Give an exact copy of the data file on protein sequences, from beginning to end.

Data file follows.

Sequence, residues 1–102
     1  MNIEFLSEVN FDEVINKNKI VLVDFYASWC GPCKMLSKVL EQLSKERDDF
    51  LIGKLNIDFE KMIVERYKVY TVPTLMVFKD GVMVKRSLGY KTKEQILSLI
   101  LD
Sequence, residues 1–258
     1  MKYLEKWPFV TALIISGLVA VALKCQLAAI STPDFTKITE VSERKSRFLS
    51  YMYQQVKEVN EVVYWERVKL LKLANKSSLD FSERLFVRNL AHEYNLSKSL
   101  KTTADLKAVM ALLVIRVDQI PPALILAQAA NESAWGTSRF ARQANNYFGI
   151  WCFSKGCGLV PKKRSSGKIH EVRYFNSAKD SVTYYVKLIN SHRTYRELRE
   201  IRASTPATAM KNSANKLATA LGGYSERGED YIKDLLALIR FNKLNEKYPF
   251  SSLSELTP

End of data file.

Sequence, residues 1–102
     1  MNIEFLSEVN FDEVINKNKI VLVDFYASWC GPCKMLSKVL EQLSKERDDF
    51  LIGKLNIDFE KMIVERYKVY TVPTLMVFKD GVMVKRSLGY KTKEQILSLI
   101  LD
Sequence, residues 1–258
     1  MKYLEKWPFV TALIISGLVA VALKCQLAAI STPDFTKITE VSERKSRFLS
    51  YMYQQVKEVN EVVYWERVKL LKLANKSSLD FSERLFVRNL AHEYNLSKSL
   101  KTTADLKAVM ALLVIRVDQI PPALILAQAA NESAWGTSRF ARQANNYFGI
   151  WCFSKGCGLV PKKRSSGKIH EVRYFNSAKD SVTYYVKLIN SHRTYRELRE
   201  IRASTPATAM KNSANKLATA LGGYSERGED YIKDLLALIR FNKLNEKYPF
   251  SSLSELTP